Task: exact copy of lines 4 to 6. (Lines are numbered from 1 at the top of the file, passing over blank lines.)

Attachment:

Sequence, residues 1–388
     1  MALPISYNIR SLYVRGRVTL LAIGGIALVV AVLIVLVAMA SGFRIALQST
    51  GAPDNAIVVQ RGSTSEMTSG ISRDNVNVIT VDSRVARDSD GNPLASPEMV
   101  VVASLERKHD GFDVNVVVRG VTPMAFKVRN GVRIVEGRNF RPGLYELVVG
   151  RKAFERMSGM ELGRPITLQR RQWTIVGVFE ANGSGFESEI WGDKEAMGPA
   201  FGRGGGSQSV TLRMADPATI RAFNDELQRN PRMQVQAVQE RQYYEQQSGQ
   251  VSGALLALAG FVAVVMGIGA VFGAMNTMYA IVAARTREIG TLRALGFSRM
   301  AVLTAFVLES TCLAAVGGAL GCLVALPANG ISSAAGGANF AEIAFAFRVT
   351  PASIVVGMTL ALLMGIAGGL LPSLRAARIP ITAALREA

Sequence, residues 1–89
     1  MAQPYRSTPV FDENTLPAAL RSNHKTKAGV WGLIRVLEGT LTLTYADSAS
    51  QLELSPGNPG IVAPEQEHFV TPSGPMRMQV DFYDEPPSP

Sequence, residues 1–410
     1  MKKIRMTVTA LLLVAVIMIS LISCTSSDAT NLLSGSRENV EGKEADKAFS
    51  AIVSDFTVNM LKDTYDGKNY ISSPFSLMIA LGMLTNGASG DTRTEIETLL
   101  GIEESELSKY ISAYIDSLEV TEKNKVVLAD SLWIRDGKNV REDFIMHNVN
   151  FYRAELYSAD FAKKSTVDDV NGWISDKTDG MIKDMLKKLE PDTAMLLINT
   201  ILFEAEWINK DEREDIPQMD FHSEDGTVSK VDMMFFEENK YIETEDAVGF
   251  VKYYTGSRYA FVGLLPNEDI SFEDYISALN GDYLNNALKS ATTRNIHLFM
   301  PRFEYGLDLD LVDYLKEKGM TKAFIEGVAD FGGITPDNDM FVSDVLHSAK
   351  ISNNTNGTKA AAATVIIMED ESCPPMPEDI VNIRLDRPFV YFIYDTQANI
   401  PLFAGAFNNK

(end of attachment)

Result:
   101  VVASLERKHD GFDVNVVVRG VTPMAFKVRN GVRIVEGRNF RPGLYELVVG
   151  RKAFERMSGM ELGRPITLQR RQWTIVGVFE ANGSGFESEI WGDKEAMGPA
   201  FGRGGGSQSV TLRMADPATI RAFNDELQRN PRMQVQAVQE RQYYEQQSGQ